This is the first day of March. The newspaper stand has The Times’ headline: “Attack on the Queen!’. The article explains how Arthur O’Connor scaled Buckingham Palance’s fence and brandished a gun in her face with a petition to release Irish Prisoners. The seventeen-year-old was heroically apprehended by the Queens’ Personal Assistant, John Brown and her Equerries.
I board the Sheffield train, where the third inter-association match of 1872, between London and Sheffield, is being held. The journey ends in the ‘Steel City’, known as the ‘Iron, Steel and Cutlery’ capital of the world.
The following day, I travel to Bramall Lane Cricket Ground. This is a fascinating sight with a large crowd. Unfortunately the temporary barriers fail and the front row land face-first into the pitch.
The first half, played under Sheffield Rules, is enthralling with London scoring first and Sheffield replying within ten minutes. Just before half-time, John Charles Clegg scores Sheffield’s second goal, much to the enjoyment of the five thousand spectators.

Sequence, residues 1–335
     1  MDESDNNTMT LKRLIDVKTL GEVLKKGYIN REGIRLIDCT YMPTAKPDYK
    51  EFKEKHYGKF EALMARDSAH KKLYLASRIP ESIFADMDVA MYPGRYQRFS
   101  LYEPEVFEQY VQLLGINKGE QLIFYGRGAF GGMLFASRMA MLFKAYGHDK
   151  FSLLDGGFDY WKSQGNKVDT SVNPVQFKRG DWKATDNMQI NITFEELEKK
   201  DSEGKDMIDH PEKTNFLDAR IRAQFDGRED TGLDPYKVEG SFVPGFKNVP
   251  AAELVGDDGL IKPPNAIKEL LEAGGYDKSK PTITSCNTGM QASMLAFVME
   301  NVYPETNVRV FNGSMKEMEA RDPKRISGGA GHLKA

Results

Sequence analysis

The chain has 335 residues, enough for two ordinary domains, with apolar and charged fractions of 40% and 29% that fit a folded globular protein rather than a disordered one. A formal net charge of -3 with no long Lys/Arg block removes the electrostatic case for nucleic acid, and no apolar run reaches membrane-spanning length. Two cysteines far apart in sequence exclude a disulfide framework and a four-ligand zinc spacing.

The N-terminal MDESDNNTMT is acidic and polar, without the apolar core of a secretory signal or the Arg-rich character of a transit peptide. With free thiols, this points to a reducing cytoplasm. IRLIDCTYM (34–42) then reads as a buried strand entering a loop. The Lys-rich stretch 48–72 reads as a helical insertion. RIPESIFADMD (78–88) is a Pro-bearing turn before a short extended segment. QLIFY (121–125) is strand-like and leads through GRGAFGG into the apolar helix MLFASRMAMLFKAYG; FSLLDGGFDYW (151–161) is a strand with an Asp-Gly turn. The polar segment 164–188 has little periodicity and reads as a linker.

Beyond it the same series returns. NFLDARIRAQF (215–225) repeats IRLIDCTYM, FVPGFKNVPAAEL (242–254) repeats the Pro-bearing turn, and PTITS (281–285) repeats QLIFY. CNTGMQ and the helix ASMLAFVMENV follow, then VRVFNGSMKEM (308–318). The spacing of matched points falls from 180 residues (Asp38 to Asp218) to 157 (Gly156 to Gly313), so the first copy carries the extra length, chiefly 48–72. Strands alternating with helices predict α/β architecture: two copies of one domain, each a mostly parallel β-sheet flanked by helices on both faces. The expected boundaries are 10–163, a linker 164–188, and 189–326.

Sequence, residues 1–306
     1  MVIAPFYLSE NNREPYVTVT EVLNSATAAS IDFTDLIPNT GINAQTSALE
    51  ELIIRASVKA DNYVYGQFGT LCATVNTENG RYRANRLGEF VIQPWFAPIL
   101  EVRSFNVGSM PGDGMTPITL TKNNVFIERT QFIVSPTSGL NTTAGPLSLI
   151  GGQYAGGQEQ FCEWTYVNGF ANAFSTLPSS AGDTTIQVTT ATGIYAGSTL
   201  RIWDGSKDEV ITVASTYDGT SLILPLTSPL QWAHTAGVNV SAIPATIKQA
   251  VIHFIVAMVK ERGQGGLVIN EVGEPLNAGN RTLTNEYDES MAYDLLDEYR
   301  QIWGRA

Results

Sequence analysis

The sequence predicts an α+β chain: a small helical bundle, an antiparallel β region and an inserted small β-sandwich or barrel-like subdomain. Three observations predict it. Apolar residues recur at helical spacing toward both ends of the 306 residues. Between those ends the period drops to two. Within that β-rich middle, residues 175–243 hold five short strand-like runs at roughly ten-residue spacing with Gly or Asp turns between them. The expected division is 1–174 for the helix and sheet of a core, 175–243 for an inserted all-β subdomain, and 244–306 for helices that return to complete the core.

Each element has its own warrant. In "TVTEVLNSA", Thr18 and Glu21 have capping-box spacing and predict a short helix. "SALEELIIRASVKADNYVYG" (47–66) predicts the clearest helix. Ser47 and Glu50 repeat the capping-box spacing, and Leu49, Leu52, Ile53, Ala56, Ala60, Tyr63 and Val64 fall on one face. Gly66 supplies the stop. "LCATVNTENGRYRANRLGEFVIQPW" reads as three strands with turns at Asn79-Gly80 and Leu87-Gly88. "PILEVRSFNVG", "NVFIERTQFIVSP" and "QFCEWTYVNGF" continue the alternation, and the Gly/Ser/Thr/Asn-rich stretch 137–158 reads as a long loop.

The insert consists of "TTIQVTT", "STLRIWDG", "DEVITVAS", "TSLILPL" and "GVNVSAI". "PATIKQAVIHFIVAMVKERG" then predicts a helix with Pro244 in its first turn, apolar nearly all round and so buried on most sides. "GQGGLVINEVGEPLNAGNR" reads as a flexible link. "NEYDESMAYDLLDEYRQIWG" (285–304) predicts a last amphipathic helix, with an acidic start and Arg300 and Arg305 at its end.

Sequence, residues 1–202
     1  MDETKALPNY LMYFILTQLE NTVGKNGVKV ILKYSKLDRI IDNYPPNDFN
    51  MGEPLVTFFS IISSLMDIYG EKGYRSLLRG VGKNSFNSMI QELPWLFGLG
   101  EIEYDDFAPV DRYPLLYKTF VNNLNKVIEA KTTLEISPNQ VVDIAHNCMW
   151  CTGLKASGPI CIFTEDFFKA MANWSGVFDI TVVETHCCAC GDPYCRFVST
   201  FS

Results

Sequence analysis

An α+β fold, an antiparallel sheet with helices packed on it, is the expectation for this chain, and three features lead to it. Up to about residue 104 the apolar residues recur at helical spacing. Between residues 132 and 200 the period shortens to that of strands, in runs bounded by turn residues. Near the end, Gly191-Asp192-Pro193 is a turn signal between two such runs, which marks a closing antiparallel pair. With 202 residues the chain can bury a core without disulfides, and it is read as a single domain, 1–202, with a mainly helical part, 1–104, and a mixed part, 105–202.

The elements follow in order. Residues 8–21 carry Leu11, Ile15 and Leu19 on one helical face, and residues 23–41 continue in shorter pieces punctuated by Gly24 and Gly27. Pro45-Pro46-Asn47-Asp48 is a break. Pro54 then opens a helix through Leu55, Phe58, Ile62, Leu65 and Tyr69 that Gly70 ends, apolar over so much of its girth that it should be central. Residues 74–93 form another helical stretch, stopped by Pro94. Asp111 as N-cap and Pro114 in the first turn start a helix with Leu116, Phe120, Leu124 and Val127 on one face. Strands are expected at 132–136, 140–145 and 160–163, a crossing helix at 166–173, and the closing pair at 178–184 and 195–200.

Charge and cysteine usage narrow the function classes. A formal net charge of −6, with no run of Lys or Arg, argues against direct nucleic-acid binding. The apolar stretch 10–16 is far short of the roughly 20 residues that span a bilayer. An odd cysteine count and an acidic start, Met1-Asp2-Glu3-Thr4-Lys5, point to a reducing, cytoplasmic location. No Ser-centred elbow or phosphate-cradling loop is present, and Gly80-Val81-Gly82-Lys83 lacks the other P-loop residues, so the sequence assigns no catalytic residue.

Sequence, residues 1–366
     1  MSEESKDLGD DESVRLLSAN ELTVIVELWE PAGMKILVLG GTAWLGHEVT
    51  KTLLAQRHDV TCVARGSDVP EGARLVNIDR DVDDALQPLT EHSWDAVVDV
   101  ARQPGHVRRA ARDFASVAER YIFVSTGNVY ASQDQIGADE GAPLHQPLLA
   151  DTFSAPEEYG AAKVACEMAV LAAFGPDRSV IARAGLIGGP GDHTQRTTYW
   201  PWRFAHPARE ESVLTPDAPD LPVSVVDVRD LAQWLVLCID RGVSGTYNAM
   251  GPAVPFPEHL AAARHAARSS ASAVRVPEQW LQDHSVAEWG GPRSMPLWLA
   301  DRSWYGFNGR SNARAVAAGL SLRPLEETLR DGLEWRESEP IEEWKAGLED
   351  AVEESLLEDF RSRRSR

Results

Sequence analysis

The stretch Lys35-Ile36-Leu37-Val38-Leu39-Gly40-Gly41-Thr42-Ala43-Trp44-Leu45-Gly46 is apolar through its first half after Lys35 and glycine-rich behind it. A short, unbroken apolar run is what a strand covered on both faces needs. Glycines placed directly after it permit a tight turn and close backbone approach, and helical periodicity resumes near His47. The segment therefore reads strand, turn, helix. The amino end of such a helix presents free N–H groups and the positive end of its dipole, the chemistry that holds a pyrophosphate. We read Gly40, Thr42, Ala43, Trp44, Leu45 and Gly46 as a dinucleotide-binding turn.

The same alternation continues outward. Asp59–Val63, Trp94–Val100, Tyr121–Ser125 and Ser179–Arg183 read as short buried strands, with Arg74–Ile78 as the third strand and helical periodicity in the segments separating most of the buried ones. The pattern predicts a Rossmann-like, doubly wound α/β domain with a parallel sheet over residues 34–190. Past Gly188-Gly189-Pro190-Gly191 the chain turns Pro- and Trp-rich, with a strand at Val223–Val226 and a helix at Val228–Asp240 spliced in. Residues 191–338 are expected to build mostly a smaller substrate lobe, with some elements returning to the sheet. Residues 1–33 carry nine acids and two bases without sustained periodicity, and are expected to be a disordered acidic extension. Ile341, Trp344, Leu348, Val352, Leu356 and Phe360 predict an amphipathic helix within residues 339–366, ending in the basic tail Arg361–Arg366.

At half-time, the bars are lowered from nine feet to eight feet, switching to London rules. The second half is equally entertaining, however with no further goals, Sheffield is victorious.
Alcock’s men have been humbled. In two days, Alcock’s Wanderers meet Queens Park. Time to get back to London.
———————————- © Graeme Brown 2019 ————————————-